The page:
Crafty Nest used simple clear vases, candlesticks, and dishes to make single and multi-level cake stands:

And House of Hepworth’s turned a cheese dome into a cloche!

So, armed with my striped candlestick, I scoured my local Goodwill for a plate that had some citrus color for my stand. I finally found the perfect plate, but had to give myself a pep talk to buy it. It was perfect, except for the meal that was baked onto it. Ewww. Seriously, it looked like someone had just eaten off the plate and then donated it. GROSS PEOPLE!

But, alas, it was the perfect  color, and when I got home I drenched it in Get Clean Basic H2 Degreaser and wiped it clean BEFORE cleaning it in my sink. (I think I might be a tad germ phobic.)

Tutorial:

Materials

  • Plate
  • Candlestick (or other base)
  • Sandpaper
  • E-6000 glue
  • Rubbing Alchohol
  • Paper towels
  • Books or weights

Begin by thoroughly cleaning the plate and candlestick.

Using a fine grit sandpaper, rough up the top of the candlestick and the base of the plate where you will be bonding them.

Clean the plate and candlestick with rubbing alcohol to remove any residues.

Squeeze out E-6000 on the rim of the candlestick.

Center the candlestick in the middle of the bottom of the plate.

Set books on top of the candlestick to weigh it down while the glue dries.

Let the glue dry overnight, then turn your cake plate over. And, serve up some wonderful dessert…


…or simply make some fruit more appealing, …

…or use it as a plant stand…

But, personally, I prefer the dessert!

What about you? How would you use this citrus striped cake plate?
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Welcome back, I hope you are ready to paint with me today! If you are just stopping by and haven’t prepped your room for painting, you may want to take a moment to read Painting Like a Pro Step 1 and Step 2.

Okay, are you ready? I’m going to show you how I painted my downstairs half bathroom, the professional way!

Before

After

Materials:

  • paint tray
  • two plastic grocery bags (optional)
  • a paint roller with a regular nap for smooth walls. If you have a textured wall (orange peel, cottage cheese or as “My Boy’s Teacher” showed me: sand texture) you may need a thicker napped roller.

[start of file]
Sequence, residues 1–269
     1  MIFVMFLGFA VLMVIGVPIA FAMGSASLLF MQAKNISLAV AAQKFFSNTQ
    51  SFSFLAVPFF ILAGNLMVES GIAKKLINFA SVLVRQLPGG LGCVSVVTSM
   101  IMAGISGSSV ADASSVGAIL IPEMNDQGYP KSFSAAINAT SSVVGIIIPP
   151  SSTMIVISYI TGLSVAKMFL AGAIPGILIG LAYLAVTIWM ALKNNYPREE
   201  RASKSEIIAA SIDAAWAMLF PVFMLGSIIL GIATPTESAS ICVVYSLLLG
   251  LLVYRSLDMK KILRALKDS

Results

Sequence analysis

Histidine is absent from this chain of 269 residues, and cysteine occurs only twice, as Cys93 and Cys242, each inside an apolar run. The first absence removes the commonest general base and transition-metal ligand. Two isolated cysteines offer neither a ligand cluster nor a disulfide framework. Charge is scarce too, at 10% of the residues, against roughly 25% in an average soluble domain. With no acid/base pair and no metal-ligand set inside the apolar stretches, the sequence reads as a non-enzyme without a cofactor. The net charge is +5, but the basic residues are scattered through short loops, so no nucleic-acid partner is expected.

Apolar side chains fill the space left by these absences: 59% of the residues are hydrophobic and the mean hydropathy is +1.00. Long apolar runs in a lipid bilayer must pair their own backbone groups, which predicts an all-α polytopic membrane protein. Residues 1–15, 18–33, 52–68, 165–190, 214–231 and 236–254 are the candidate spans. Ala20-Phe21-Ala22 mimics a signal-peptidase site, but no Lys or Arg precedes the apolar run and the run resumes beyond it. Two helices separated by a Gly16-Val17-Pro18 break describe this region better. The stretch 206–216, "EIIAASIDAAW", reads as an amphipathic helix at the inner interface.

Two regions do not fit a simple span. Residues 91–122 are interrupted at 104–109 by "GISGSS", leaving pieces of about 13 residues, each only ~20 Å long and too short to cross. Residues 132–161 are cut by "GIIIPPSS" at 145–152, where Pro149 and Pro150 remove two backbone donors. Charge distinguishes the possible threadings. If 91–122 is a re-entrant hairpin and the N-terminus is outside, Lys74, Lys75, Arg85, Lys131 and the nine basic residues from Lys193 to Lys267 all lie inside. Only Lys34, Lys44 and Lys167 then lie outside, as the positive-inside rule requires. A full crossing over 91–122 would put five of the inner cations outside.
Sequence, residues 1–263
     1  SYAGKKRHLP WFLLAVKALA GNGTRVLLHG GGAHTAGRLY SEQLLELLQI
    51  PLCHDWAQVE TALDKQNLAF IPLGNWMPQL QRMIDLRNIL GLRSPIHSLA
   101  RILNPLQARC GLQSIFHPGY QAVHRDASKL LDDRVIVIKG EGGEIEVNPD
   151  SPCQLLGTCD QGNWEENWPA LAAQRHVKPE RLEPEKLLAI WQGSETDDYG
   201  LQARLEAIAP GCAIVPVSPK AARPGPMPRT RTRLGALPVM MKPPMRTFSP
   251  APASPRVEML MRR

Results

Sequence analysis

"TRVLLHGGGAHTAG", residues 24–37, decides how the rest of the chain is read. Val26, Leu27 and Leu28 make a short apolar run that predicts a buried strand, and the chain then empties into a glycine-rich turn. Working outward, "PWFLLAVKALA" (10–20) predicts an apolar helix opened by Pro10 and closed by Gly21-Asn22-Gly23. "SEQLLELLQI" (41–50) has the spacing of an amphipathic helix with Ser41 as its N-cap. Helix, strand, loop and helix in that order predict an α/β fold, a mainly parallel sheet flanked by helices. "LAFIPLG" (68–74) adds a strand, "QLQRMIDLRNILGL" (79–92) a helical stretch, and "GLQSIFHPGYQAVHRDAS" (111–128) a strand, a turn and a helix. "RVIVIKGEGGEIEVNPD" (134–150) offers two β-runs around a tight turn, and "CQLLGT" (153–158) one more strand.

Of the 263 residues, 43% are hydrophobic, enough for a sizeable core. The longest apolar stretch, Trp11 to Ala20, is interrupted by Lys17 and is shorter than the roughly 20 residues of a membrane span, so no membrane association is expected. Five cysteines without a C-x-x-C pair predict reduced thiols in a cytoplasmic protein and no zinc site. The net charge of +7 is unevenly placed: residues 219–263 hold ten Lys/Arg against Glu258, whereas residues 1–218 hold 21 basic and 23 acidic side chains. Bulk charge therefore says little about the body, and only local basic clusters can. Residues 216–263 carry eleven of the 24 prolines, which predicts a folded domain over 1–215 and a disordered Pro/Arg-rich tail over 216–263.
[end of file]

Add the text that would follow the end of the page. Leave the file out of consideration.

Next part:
• 2.5″ angled painter’s brush
  • edger (optional)
  • Painter’s tape (I prefer the Scotch Blue Delicate Surfaces tape)
  • a damp rag
  • sanding block with 200 grit or higher sand paper
  • damp sponge with a bucket of fresh water
  • x-acto blade (optional)
  • small flat artist’s brush

Go ahead and pour your paint into a paint tray (make a liner with grocery bags as I show HERE.)

Only fill the tray about half full (more than shown in the picture), you need some blank space at the top to squeeze the excess paint out of the roller by rolling it back and forth.

 

Painting Walls and Ceilings:

When I paint a room, I always paint the ceiling first, unless it REALLY doesn’t need painting. It is more efficient to paint the whole room while you have the tarps down and supplies out. Besides, you know you won’t go back and paint the ceiling another day. Am I right?!

You can paint the ceiling the same way I paint walls, just use an extension pole and a two-step ladder for painting the border. Don’t worry about taping off the walls or trim right now. I’ll tell you when to tape later. The only time I would use tape now, is if I need to mask off something like the vanity, a light fixture or a wall I’m not going to paint.

1. Begin by painting the border on your wall. Use either a paint brush or the edger. If you are using the Aura paint, let this border dry before you move onto the next step. If you are using another brand/type of paint, work quickly and move onto the next step.

2. Use your roller to roll out a 3 – 4 foot “W” shape. Try to roll into the edge while it is still wet (unless you are using Benjamin Moore Aura paint.)

3. Roll the roller back and forth, up and down and in random directions until you have filled in a 4′ square section of wall.

4. Roll the roller very lightly over your square to make sure the coat of paint is even; feather the edges; and to rid the wall of any start and stop roller marks.

Start on the next section with another “W” shape and repeat steps 1-4 until you have covered your wall in paint. Then move on to the next wall. Keep in mind that you will need at least two coats of paint. You’ll get a more durable paint job, more even coverage, and it will look professional if you use two coats of paint. So, own up to the fact that you will need two coats!

A few words of caution while painting:

  • If your paint has started to dry and {{gasp}} you see a spot you missed or a bug in your paint, resist the urge to roll over it. Wait until it dries, then sand or paint the messed up area.